Mathematician honoured with research medal
18 November 2020
Professor Eamonn O’Brien of the University of Auckland has been awarded this year’s Hector Medal by the Royal Society Te Apārangi for his contributions in the field of group theory.
Professor O’Brien is widely regarded as a world-leading expert on the development of highly effective algorithms for group theory and their application in solving major mathematical problems. His work is incorporated into leading computational algebra systems used by many researchers around the world.
One of his major contributions includes the development of an algorithm to solve a long-standing problem posed by celebrated British mathematician Alan Turing whose work is considered foundational to modern computer science and artificial intelligence.
Professor O’Brien has published widely during his career with 85 refereed articles in leading science journals and is the author of a highly-cited research monograph. He has one of the highest citations scores of any New Zealand-based mathematical sciences researcher.
He has given invited lectures at some of the world’s most prestigious universities including Oxford, Stanford, Cambridge and Yale, and is a participant and organiser of invitation-only meetings and programmes at major international research centres.
Professor O’Brien gained his BSc from the National University of Ireland and completed a PhD at the Australian National University before joining the University of Auckland where he has taught a wide variety of courses and researched group theory since 1997.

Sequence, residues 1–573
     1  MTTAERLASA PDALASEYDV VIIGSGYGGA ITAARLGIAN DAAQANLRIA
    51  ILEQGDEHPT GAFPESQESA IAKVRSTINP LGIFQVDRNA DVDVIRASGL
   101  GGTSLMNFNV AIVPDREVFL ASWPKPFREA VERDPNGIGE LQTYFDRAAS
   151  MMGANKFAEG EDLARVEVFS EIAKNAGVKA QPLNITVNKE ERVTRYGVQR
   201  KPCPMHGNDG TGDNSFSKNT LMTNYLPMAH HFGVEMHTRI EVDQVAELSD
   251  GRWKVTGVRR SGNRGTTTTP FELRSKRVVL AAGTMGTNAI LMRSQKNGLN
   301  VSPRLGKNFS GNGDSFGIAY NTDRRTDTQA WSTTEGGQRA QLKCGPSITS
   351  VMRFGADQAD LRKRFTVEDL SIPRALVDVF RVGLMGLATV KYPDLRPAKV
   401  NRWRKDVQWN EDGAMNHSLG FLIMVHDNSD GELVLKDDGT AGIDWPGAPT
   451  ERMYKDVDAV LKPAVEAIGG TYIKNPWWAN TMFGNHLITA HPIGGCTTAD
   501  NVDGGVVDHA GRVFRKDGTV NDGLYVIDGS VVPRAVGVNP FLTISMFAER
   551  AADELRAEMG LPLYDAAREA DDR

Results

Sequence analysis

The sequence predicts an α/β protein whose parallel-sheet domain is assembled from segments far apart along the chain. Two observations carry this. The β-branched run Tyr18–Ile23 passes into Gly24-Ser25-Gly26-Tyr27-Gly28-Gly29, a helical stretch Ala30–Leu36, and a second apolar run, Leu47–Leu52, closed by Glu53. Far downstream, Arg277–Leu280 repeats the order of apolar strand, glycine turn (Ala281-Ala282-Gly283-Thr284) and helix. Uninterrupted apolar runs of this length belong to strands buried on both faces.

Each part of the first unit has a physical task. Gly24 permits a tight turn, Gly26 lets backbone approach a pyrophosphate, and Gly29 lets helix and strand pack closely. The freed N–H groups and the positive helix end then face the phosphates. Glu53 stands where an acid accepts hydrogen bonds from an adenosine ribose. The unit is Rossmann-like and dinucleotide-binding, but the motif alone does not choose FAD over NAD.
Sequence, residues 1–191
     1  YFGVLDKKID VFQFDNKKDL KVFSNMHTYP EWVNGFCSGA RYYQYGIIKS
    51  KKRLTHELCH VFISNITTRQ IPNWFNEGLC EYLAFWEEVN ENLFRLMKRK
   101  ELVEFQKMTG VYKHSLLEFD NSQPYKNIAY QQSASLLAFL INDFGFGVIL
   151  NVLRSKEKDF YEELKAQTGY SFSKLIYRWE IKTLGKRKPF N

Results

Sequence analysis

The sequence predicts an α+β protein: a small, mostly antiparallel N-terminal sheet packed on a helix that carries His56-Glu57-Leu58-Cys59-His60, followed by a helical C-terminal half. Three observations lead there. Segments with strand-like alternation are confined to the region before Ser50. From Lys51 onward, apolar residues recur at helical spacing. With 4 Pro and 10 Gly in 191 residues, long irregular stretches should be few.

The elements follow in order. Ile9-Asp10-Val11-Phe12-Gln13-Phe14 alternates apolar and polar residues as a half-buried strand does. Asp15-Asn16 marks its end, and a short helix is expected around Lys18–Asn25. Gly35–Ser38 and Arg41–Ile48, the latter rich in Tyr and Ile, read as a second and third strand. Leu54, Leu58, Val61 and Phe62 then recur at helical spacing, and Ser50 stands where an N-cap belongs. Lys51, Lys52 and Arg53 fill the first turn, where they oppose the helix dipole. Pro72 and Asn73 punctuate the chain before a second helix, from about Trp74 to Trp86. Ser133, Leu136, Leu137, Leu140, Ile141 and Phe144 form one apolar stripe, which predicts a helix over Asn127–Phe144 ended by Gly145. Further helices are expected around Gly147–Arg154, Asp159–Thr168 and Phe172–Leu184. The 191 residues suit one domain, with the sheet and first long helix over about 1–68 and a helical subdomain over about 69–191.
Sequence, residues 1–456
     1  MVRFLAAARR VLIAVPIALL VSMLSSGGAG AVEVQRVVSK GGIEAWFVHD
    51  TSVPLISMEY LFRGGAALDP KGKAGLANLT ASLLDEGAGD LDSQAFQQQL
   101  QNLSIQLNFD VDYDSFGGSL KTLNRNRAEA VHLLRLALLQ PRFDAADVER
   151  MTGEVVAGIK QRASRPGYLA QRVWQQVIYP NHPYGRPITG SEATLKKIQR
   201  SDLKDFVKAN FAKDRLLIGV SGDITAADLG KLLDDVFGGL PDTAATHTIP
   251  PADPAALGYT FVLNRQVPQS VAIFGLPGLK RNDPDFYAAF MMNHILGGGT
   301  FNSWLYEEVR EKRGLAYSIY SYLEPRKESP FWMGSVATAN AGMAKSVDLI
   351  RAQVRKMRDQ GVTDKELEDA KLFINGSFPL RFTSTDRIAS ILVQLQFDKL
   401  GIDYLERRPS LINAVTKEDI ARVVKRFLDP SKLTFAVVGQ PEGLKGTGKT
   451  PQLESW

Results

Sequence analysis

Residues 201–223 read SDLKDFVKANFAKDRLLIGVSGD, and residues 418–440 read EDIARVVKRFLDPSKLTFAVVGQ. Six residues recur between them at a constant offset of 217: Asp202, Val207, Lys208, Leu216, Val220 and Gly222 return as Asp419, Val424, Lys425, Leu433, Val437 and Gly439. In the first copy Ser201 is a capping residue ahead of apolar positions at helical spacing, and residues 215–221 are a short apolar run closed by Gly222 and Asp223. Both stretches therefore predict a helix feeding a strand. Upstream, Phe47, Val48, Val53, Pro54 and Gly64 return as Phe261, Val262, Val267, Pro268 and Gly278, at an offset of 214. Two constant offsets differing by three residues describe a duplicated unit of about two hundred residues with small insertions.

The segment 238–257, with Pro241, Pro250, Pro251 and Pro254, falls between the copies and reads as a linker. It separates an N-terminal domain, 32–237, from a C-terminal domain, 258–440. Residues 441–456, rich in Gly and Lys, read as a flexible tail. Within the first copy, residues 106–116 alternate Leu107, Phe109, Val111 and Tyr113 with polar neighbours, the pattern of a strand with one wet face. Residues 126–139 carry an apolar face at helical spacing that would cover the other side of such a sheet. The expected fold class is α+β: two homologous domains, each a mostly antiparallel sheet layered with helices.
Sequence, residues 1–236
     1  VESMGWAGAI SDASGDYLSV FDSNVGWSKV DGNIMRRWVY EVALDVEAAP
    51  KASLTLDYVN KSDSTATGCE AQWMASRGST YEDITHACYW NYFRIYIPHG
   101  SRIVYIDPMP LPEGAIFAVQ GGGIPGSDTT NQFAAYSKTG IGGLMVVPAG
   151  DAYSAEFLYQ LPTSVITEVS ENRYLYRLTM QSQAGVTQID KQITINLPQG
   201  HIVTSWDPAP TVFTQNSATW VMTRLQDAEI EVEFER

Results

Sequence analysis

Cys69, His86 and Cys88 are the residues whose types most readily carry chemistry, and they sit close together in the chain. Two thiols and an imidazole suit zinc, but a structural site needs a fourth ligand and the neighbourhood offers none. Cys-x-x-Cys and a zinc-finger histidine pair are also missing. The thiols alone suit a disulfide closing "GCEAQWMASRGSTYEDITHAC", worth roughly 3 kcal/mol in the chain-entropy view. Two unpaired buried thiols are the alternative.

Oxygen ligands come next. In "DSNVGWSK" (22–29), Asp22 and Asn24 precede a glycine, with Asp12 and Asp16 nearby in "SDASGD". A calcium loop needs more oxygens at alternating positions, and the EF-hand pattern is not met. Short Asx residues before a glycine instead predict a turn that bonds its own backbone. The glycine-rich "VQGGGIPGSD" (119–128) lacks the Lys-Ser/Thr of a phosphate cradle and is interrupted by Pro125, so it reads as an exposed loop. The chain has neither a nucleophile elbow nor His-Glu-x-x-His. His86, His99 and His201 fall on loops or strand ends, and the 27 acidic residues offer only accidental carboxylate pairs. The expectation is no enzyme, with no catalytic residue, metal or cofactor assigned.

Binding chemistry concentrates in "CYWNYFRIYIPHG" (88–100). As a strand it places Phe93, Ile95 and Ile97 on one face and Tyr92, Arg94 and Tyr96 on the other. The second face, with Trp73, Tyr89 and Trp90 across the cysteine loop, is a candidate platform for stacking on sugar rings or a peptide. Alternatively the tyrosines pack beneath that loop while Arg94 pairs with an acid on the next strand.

A supervisor for a high number of postgraduate students at Auckland, including at masters and doctoral level, his philosophy of teaching is that it is an evolving experience where the teacher also learns from students.
“It’s an ongoing and indispensable challenge to the professional mathematician to convey some of the excitement and beauty of mathematics to students,” he says.
“It’s a pleasure and privilege to engage with bright keen students at all levels, and contribute to their learning process. I love introducing them to new areas of mathematics, and helping them understand its significance and potential applications.”
Professor O’Brien was elected a Fellow of the Royal Society Te Apārangi in 2009 and was awarded a Hood Fellowship by the University of Auckland in 2016. He was an Alexander von Humboldt Research Fellow in Germany in 1995-1997, received a Maclaurin Fellowship in 2007 and the NZ Mathematical Society Research Award in 2004.
He is an editor of the NZ Journal of Mathematics and Managing Editor of the Journal of Algebra (Computational section), the leading research journal of algebra, and is referee for approximately 20 international journals. Earlier this month, he and his collaborators received their 8th joint research grant from the Marsden Fund of the Royal Society Te Apārangi to support their research.
Professor O’Brien says he is honoured to receive the Hector Medal and thanked the many colleagues both here and overseas in the role they played in his achievements.
“I am particularly grateful to my long-time collaborators at the University of Auckland, Jianbei An and Marston Conder. I also thank my partner Alistair and my family for their continuous support and encouragement."
The Hector Medal is awarded annually for outstanding work in chemical, physical or mathematical and information sciences by a researcher in New Zealand and for an outstanding contribution to the advancement of science within their field.
Anne Beston | Media adviser
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